A Krishna-conscious person meditates on the transcendental self (Text 19.20-23, p.291). The religious book of famous Buddhist text, ‘Dhammpad’ is as holy book which teaches how to eliminate anger. It is a collection of sayings of the Buddha in verse form and one of the most widely read and best-known Buddhist scriptures. The ‘Dhammpad(2013), as an indicator of true religious path, describes the holy man, Arhatas blessed and enlightened with no attachments, “A noble Arhat (sage) is harmless towards all living things”. Sandweiss (1975) stated that Sai Baba was impressed by the ascetic personality of Buddha, who was born in Lumbini in Nepal. Buddha was a spiritual saint and offered his emancipated philosophy of nirvana.

The mediators “spiritual path” is to traverse fear, anger, sadness, depression, joy, and love to arrive at serenity or silence. Zen teachings offer a useful means in the prevention of emotional disturbance such as depression and help to maintain the emotional health of professionals (Kwee, 1990). Men (Yan) and women (Yin) are reunited with their masculine and feminine, and in this way, they can reach individualization, and the self is enlightened, linked, and balanced. Taoist masters worked on a myriad of techniques, e.g., assimilation of lunar power, inspiration of light, solar energy, relaxation, and concentration, to reinforce vital energy (Chia, 1983). The work of Tu (1985) is especially important in assisting with the confusion of thoughts for creative transformation. Filial Piety is unique to Chinese people (Yong, & Hwang, Eds.).

Contemporary psychological work on anger in Nepal has been influenced by both the western and eastern intellectual traditions.  Regmi & Basnet (2009) found that male employees scored higher anger cognition than their female counterparts, while Regmi& Basnet (2010) revealed that low control over the anger among Nepali bank employees created unmanaged circumstances in the workplace. A study by Regmi, Shakya, & Basnet (2012), found that female respondents have lesser anger cognition than male counterparts while there were significant differences in anger cognition and anger score in Nepalese adolescents between distinct cultural groups in anger score (Brahmin, Chhetri, Janajati, and Dalit; Regmi, Shakya, & Basnet, 2012). Gender differences were found among the Chhetri caste of Nepalese adolescents (Regmi et al., 2012).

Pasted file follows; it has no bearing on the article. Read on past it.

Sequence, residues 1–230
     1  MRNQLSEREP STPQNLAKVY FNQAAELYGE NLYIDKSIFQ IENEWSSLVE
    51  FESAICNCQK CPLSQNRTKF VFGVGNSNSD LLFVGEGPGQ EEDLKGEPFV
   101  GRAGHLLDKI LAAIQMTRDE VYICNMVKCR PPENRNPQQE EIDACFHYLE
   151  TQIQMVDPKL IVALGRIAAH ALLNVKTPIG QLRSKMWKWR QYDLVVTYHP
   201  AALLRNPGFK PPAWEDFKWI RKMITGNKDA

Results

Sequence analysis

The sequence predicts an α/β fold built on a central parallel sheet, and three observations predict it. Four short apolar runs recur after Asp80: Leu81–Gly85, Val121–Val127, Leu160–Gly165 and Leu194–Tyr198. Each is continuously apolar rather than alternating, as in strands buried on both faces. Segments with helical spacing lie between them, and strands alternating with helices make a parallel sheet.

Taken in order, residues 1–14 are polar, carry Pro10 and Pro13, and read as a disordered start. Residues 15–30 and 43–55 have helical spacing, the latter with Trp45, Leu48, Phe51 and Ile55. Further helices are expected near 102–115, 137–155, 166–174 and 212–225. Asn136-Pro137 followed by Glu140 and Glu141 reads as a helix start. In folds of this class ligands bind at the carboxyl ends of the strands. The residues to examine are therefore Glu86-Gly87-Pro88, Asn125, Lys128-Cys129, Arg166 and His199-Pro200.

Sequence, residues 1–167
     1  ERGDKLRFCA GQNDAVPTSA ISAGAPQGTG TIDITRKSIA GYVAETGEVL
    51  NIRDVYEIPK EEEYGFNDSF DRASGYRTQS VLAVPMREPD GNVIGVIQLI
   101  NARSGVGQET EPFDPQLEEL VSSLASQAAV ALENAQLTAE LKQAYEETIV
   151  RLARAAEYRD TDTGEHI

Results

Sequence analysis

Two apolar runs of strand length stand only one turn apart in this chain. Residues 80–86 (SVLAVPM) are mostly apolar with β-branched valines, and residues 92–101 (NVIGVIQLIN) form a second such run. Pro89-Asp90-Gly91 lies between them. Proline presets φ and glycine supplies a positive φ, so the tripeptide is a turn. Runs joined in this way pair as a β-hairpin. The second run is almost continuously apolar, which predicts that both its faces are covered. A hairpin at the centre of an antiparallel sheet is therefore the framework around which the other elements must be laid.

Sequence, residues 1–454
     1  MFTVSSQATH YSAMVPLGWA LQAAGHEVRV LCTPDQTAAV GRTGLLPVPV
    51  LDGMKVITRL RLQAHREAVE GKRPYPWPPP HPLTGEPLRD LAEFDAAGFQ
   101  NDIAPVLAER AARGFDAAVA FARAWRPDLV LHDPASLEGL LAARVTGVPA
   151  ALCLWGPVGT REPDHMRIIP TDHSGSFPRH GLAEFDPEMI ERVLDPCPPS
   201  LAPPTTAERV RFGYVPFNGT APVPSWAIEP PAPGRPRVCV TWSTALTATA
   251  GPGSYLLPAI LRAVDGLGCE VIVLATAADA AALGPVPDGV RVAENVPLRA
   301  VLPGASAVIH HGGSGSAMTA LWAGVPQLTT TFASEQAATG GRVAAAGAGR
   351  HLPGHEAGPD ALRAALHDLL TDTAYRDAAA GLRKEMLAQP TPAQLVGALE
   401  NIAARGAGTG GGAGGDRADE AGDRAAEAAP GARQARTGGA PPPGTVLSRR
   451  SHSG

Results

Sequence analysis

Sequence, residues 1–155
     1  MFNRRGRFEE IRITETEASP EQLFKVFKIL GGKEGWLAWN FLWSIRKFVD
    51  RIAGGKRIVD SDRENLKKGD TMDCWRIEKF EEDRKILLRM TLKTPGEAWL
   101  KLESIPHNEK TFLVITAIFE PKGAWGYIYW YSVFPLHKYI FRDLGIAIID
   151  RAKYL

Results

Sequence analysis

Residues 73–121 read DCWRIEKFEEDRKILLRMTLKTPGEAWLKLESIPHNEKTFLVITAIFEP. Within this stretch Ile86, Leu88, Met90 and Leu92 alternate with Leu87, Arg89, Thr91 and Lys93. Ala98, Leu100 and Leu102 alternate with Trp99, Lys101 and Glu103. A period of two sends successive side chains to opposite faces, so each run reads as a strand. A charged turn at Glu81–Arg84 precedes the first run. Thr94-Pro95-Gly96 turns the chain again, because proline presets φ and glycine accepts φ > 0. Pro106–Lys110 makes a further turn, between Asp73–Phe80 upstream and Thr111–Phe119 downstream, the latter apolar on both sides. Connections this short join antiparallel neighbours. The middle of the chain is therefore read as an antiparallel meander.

In Nepal significant efforts have been made to build interventions towards developing emotional literacy among school-aged children and adolescents. Regmi, Basnet, & Tripathi (2010) emphasized that such interventions aim to transform anger into an acceptable positive emotion. Van Leuven (2010) argues that individuals are the center for the reasoning and final decision to act and that we learn to forgive and rid yourself of fear and anger through rehearsing anger-free behavior.

LWA 7th Grade “Life Without Anger” Curriculum Study Results

Initially there were 693 paired Pre- and Post-Assessments collected from seventh(7th) grade students who participated in the Life Without Anger curriculum. All assessments were converted to digital format for analysis. Of the 693 paired assessments, 33 (4.76%) were found to have incomplete or errored data entries in either the student’s Pre- or Post-Assessment. This rendered those records to be non-compatible for a paired analysis and were removed. This left 660 student paired assessments to evaluate.

The Life Without Anger (LWA) anger test (Figures 1 & 2), authored by Van Leuven, is a 25-item assessment that asked the student to rate their level of anger on a 6-point Likert Scale from 0: Not at all angry, 1: A little angry, 2: Moderately angry, 3: Quite angry, 4: Greatly angry, 5: Cannot contain your anger, when faced with different life situations. The Pre- and Post-Assessments were identical when administered. The questions were designed to help the student understand how they respond in anger to stressful situations. They were asked to answer the twenty-five questions by circling one of the six responses that most clearly reflects how they believe they would personally respond in anger to each situation. The maximum anger score is 125. If the student reported having absolutely no anger, the score is zero. In general, the lower the total score, the greater the quality of life is assumed. The higher the score, the more difficult one’s emotional life is assumed.

Figure 1: Assessment Questions (part 1)

Figure 2: Assessment Questions (part 2)

The following table shows the overall results for the Pre-Assessment; the Post- Assessment; and the Delta (Pre-Assessment Scores minus the Post Assessment Scores)



n= 660 660 660
MEDIAN 54 43 9
MEAN 55.45 43.80 11.65
MODE 41 37 6
MINIMUM 4 0 (62)
MAXIMUM 125 113 79
Standard Deviation 18.62 17.52 22.16

Table 1: Pre- & Post-Assessment Comparison